Story by Collene Lewis
Performances, passion and pizza were key players in this month’s Open Mic Night, where 12 students from campus expressed their creativity in the Tivoli Boiler Room.
The heavy industrial feel of the Boiler Room was contrasted by the wide range of performances and the pizza kept the audience coming back for more filling entertainment.
Harpists, guitarists, singers, comedians and many others set the open stage for this tri-institutional event hosted by student activities the last Wednesday of every month.
For this event, audience size doesn’t matter. Typically 12 to 24 people perform at Open Mic Nights, but Raquib Hakeem, the event coordinator for CU Denver’s Student Life Office, says that despite its smaller attendance the event is worth putting on.
“It’s more about supporting our students regardless of what school they go to,” Hakeem said. “You never know until you try it out.”
Several students participated in the Open Mic Night for the first time Sept. 26. Jake Gallegos, a singing and songwriting major at UCD and Robin Roadway, a music performance major at UCD, formed a duo. The Open Mic Night was their first time performing together.
Gallegos and Roadway met in a music history class and began choosing songs for the Open Mic Night that reflected their personal music styles.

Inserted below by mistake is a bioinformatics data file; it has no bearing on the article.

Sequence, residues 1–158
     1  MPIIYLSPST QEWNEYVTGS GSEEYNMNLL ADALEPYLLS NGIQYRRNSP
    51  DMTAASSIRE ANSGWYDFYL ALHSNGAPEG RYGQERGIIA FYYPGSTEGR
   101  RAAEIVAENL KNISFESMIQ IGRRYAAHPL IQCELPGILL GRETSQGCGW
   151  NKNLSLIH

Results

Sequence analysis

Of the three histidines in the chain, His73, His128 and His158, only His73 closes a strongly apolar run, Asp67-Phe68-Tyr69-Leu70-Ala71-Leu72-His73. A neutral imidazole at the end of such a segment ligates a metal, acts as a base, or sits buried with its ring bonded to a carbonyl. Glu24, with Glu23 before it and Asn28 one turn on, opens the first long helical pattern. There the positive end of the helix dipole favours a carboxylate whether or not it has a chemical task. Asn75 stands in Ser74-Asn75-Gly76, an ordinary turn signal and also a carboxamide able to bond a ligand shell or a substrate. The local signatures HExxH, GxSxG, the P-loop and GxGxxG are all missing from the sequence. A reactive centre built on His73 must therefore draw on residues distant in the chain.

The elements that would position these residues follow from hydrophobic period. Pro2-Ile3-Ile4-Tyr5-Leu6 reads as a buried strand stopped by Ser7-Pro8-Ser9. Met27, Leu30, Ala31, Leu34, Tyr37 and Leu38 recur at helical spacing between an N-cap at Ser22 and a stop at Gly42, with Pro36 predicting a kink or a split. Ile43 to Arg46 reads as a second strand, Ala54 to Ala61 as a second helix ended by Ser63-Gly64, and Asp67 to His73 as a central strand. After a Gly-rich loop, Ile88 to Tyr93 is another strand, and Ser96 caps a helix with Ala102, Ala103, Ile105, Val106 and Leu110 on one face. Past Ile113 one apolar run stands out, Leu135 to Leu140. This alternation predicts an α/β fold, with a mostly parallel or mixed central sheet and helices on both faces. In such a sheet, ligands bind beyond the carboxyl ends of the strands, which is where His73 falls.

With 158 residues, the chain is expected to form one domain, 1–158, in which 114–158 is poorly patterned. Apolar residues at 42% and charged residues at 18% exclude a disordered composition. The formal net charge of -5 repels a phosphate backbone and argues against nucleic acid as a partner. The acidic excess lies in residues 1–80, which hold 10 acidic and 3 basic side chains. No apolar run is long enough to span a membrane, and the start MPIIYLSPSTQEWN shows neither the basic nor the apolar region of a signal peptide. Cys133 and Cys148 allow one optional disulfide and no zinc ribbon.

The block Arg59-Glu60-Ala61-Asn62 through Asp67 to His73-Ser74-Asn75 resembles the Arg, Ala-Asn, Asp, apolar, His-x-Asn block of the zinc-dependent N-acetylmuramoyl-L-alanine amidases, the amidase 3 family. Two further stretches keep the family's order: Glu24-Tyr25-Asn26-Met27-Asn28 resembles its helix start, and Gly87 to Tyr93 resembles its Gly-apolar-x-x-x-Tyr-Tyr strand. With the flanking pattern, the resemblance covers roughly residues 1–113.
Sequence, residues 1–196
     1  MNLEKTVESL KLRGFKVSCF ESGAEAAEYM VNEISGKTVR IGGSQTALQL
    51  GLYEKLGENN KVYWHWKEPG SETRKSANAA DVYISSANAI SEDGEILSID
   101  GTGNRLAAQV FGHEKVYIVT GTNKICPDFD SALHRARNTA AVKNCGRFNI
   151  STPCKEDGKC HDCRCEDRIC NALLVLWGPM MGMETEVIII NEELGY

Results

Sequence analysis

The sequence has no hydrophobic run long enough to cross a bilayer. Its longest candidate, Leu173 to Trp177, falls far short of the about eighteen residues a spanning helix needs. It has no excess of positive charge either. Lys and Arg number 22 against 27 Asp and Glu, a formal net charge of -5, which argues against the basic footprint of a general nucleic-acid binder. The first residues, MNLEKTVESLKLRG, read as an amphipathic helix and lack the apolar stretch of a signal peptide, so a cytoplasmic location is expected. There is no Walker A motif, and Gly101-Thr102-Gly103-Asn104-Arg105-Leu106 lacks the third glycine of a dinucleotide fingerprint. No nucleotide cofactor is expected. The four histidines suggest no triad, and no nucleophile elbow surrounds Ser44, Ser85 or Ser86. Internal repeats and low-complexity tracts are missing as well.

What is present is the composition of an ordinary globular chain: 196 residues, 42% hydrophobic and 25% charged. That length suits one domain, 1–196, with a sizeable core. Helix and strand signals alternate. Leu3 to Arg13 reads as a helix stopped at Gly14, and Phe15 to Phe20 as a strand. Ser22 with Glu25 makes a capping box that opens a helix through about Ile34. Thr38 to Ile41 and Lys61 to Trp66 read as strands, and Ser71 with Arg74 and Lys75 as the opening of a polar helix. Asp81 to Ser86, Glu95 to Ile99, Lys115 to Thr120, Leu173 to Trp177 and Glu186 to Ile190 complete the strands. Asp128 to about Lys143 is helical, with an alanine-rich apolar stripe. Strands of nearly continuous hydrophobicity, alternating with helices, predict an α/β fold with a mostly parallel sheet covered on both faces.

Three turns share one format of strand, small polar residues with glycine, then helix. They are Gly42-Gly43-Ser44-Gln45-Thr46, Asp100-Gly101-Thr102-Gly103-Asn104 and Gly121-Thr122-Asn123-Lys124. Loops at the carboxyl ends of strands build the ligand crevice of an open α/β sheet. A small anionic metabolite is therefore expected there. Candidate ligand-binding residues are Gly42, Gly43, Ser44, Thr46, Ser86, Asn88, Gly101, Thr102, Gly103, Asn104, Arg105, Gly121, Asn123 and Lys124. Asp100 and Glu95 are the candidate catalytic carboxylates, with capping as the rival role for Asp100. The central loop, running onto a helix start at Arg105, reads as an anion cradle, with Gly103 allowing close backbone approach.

They performed “Somebody That I Used to Know” by Gotye and “A Team” by Ed Sheeran. The two say that the Open Mic Night will help them get a start in music performance.
“Lights are on,” Roadway said. “So you can still see the audience, and you can better understand what you’re going to be up against when you have crowds of on thousand or more.”
Some performers at the event played even more stripped down sets. Robin Lumley, a double major in computer science and engineering at UCD, sang “Adult Female” by Hank Green and “Superluv” by Shane Dawson.
Lumley arrived at the event without any of her equipment, and decided to perform her songs “a cappella” instead. Lumley said that not only would she perform in the next Open Mic Night, but she would also bring her guitar so she would have more song choices.
After three years of hosting Open Mic Night, Hakeem says that not only does the event connect students to Auraria, but it also gives students the opportunity to “get their start” by practicing their craft. Hakeem encourages students to step outside their routine and partake in this unique opportunity.
Overall, the experience was a way for the performers to express themselves with music and make connections in their community, as many of the artists stayed late to chat with other performers.
One of the performers mingling after the event, Russell King, a double major in theater and business at CCD, sang “I Get a Kick Out of You” by Frank Sinatra and also beat boxed. King discussed how music translates across different languages and brings people together with the other artists.
“Music is one of those few things that can touch people, no matter what,” King said.
People: Russel King